Infoscience

Journal article

Development of vegetable fibre-mortar composites of improved durability

The primary concern for vegetable fibre reinforced mortar composites (VFRMC) is the durability of the fibres in the alkaline environment of cement. The composites may undergo a reduction in strength and toughness as a result of weakening of the fibres by a combination of alkali attack and mineralisation through the migration of hydration products to lumens and spaces. This paper presents several approaches used to improve the durability performance of VFRMCs incorporating sisal and coconut fibres. These include carbonation of the matrix in a CO2-rich environment; the immersion of fibres in slurried silica fume prior to incorporation in the ordinary Portland cement (OPC) matrix; partial replacement of OPC matrix by undensified silica fume or blast-furnace slag and a combination of fibre immersion in slurried silica fume and cement replacement. The durability of the modified VFRMC was studied by determining the effects of ageing in water, exposure to cycles of wetting and drying and open air weathering on the microstructures and flexural behaviour of the composites. Immersion of natural fibres in a silica fume slurry before their addition to cement-based composites was found to be an effective means of reducing embrittlement of the composite in the environments studied. Early cure of composites in a CO2-rich environment and the partial replacement of OPC by undensified silica fume were also efficient approaches in obtaining a composite of improved durability. The use of slag as a partial cement replacement had no effect on reducing the embrittlement of the composite. © 2002 Published by Elsevier Science Ltd.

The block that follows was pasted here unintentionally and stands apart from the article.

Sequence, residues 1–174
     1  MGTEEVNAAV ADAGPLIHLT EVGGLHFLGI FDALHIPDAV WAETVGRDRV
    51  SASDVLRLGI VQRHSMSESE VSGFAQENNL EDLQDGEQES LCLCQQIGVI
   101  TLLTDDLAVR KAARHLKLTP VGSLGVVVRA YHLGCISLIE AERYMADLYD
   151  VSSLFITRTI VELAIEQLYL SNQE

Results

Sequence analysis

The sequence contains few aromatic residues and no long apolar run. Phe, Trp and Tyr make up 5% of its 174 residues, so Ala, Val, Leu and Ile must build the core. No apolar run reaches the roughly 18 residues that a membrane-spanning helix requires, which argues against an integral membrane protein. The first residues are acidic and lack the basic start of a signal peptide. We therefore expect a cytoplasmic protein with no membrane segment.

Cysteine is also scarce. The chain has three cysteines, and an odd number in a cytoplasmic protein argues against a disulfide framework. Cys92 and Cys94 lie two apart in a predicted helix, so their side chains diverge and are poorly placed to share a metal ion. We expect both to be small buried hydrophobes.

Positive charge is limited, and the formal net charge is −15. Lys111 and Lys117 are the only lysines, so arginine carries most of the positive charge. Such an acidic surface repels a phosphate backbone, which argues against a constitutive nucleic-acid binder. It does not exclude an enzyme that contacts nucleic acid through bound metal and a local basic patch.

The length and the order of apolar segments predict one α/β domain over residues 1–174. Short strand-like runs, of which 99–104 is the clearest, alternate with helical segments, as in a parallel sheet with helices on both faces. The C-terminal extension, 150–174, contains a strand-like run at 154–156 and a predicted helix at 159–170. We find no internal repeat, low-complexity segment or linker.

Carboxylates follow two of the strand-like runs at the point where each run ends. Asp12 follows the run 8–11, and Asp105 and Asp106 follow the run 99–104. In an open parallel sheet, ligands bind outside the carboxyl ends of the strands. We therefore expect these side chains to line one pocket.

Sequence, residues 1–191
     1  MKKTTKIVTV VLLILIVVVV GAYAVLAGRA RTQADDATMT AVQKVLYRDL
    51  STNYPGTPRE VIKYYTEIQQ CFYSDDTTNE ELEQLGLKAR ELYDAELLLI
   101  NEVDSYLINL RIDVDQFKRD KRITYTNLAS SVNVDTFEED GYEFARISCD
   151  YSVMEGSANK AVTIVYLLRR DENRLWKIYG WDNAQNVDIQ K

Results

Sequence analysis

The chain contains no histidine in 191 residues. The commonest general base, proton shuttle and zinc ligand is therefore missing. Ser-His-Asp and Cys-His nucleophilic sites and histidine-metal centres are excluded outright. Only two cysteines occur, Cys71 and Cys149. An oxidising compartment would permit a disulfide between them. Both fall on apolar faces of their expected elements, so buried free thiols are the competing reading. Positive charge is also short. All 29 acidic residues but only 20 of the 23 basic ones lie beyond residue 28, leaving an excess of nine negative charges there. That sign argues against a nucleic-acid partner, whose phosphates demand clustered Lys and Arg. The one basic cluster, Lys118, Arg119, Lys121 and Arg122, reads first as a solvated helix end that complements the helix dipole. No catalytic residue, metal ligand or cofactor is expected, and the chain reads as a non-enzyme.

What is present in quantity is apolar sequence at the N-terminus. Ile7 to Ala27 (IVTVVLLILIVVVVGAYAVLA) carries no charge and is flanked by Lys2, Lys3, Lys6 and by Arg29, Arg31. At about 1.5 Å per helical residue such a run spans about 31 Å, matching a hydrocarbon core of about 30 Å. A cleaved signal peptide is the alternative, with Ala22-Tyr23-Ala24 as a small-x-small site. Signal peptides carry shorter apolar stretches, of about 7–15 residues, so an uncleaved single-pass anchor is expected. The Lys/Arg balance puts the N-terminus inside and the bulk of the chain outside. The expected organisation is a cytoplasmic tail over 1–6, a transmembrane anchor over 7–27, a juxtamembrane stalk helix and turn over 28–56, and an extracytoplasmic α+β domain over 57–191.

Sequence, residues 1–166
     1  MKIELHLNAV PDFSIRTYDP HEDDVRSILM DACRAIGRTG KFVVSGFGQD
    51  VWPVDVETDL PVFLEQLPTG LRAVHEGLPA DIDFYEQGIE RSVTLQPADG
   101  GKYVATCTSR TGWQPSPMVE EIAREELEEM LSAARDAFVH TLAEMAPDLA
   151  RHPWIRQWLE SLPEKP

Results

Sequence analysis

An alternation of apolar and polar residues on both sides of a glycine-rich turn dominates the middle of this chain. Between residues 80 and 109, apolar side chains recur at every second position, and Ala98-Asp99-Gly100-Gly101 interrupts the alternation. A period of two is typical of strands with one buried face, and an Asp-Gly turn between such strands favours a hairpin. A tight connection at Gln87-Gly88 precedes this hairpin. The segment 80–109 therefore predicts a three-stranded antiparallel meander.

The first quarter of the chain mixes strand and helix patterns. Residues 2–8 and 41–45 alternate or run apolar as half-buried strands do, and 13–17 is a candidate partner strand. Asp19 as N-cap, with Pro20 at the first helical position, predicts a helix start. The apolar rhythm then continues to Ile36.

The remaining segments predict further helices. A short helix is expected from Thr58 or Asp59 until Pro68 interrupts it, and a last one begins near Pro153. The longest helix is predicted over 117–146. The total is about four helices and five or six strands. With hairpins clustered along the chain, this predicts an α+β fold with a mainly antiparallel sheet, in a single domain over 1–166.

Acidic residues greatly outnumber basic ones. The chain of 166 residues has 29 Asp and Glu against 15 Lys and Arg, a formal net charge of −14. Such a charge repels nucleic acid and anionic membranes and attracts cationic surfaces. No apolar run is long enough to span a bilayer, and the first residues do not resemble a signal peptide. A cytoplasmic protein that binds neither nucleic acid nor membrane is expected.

Fulltext

Related material